Weather extremes have had significant impact in Florida in recent months.  Heat, drought, monsoons and hurricanes have affected nurseries all over the state, and pest and disease management problems continue as well.   Current issues are addressed below.


This time of year it is not unusual to find  large white grubs in both in-ground and container tree and shrub roots.  The grubs are immature scarab beetles, mostly Masked chafers, Green June Beetles, and May Beetles, some have multiple-year life cycles.  Adult beetles deposit eggs in moist rich soils, and  irrigated areas full of peat, bark and juicy roots attract egg-laying females.  Grubs feed all summer, then move to the soil surface to pupate in the fall, making them more visible to growers. The mature grubs are hard to kill since they are not eating- DuraGuard drenches may work, but most treatments are not cost effective.  Best strategy for control starts in early summer.  Adult beetles emerge in spring, then mate, and lay eggs.  May-early July drenches of Mainspring GNL or Flagship or other labeled products readily control smaller grubs, preventing root damage and plant stress.   Entomopathic nematodes and milky-spore bacteria are also used in grub IPM programs.  Scarab beetles often return to the same areas to breed, so watch for grubs and root damage and prepare for drenches next year.

Red Imported Fire ants increase activity in the fall.  Less rain, cooler temperatures and plenty of food stimulate colony growth.  Broadcast baits are the best way to control RIFA in areas larger than ½ A.  Award II is labeled for nurseries, and Advion RIFA bait can be used around structures, lawns and non-production areas.  Advion is extremely fast and effective, and will be available for use in nurseries soon.  Treating for RIFA  now will reduce winter survival, and lead to fewer ant problems in the spring.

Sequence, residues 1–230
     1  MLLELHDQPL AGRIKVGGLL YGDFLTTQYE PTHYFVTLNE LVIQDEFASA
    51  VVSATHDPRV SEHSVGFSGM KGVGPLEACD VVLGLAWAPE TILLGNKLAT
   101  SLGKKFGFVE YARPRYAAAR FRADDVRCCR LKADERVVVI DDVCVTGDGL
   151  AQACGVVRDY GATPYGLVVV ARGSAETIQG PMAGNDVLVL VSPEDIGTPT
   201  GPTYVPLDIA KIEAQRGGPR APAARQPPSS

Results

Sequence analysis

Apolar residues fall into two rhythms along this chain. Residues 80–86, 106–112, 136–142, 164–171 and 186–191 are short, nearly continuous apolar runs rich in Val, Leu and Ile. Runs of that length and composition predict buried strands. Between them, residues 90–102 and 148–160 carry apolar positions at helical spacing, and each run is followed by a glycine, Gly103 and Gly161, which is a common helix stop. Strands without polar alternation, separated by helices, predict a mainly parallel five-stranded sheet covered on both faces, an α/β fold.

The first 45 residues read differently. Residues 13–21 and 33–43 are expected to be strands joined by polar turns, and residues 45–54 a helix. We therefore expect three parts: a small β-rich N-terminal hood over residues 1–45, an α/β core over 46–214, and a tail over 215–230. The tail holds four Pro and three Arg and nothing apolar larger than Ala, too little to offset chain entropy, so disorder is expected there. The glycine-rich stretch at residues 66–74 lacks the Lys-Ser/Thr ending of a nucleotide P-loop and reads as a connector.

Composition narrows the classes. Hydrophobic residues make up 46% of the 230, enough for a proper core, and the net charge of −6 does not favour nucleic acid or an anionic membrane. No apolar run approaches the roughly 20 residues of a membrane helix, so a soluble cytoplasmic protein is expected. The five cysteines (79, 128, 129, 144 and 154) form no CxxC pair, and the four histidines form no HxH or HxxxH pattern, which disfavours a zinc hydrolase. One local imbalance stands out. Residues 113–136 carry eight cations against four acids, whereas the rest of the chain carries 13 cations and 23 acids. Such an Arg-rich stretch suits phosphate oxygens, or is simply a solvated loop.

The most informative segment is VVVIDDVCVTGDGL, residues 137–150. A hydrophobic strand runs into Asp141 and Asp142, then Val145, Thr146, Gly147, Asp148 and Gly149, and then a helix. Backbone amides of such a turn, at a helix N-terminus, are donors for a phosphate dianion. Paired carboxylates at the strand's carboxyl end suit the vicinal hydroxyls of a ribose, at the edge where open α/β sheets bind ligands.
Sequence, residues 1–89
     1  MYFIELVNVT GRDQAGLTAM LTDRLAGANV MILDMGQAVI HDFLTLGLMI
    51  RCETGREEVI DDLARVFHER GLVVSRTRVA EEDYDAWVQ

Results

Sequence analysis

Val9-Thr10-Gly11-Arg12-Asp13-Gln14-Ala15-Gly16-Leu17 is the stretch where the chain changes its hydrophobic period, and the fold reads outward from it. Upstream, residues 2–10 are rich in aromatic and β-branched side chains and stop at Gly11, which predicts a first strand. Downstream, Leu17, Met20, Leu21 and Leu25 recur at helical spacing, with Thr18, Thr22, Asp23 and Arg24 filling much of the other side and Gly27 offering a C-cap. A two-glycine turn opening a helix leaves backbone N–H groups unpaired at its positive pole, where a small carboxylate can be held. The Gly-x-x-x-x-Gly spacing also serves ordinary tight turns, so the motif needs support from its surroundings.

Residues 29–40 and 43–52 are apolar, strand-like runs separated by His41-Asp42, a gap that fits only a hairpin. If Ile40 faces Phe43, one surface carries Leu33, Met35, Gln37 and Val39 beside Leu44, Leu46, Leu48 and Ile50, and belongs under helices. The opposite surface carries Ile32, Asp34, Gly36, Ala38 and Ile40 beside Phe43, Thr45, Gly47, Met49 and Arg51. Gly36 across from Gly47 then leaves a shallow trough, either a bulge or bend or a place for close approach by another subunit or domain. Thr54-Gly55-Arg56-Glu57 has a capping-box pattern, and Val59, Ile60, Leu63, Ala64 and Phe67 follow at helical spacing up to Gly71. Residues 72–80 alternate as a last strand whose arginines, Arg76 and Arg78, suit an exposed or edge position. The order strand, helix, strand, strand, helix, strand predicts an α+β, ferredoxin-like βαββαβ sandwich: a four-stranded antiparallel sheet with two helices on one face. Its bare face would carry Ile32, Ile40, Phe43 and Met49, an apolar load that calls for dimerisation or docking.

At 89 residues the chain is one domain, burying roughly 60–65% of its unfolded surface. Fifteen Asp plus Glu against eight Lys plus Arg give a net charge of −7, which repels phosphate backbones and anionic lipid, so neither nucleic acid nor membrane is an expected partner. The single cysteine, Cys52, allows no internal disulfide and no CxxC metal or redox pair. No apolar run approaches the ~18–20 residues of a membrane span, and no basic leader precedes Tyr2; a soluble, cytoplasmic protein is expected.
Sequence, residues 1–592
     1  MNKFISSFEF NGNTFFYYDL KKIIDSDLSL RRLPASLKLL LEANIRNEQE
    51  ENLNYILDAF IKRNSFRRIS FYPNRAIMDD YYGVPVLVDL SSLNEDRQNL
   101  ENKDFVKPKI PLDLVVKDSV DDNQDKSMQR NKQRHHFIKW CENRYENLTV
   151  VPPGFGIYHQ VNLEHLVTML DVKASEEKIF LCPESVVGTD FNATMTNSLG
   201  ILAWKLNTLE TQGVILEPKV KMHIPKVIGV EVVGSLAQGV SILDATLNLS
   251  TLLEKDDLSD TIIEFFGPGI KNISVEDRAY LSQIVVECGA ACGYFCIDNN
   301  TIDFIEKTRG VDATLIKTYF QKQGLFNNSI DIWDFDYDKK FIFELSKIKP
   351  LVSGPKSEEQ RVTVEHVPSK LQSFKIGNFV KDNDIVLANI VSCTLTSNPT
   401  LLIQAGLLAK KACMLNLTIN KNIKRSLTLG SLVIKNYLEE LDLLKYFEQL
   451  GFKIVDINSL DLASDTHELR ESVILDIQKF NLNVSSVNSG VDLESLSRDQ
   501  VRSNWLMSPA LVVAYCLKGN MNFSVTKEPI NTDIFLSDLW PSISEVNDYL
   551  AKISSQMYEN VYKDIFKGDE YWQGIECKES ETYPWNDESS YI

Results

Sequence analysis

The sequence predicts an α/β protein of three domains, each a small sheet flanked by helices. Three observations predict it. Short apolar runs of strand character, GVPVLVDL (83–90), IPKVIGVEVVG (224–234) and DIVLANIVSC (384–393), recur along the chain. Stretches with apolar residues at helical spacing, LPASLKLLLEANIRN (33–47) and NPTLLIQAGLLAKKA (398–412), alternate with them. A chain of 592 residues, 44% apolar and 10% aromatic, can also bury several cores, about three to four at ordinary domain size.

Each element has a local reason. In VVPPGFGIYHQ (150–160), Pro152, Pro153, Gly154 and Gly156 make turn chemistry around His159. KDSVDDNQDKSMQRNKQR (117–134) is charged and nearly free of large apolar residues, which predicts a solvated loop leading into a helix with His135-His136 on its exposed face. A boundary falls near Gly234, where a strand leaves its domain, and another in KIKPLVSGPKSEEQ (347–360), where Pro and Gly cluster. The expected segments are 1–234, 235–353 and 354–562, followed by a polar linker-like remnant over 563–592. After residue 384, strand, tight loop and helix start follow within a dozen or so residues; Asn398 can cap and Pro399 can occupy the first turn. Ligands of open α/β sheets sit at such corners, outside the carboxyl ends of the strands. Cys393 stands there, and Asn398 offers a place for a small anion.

‘Tis the season for mildew, both Powdery and Downy.  Cooler evenings, mature foliage and drier weather all promote these diseases.  Both can be hard to identify, and easily mistaken for other problems.  Many species get powdery mildew, and downy is expanding its host range as well.  Attached are recommendations for both.  Downy mildew is a big problem on basil- Micora, Subdue Maxx and Heritage are all labeled for control of DM on this crop.  Most DM products also control phytophthora.


Core Pesticide Class Opportunity

A class entitled "Pesticide Safety Jeopardy" will be offered at the the Hillsborough County Extension office 10:30 am-12:15 pm, November 28, 2017.
This class is a Jeopardy-like game.  Playing the game will strengthen your knowledge and skills in the areas of signal words, hazards, formulations, calibration and spills. Use pesticide and fertilizer labels, SDS and basic math skills.  Here is the registration link.  www.prohort.eventbrite.com
FDACS CEUS: 2.0 Chapter 487 or 482 Core.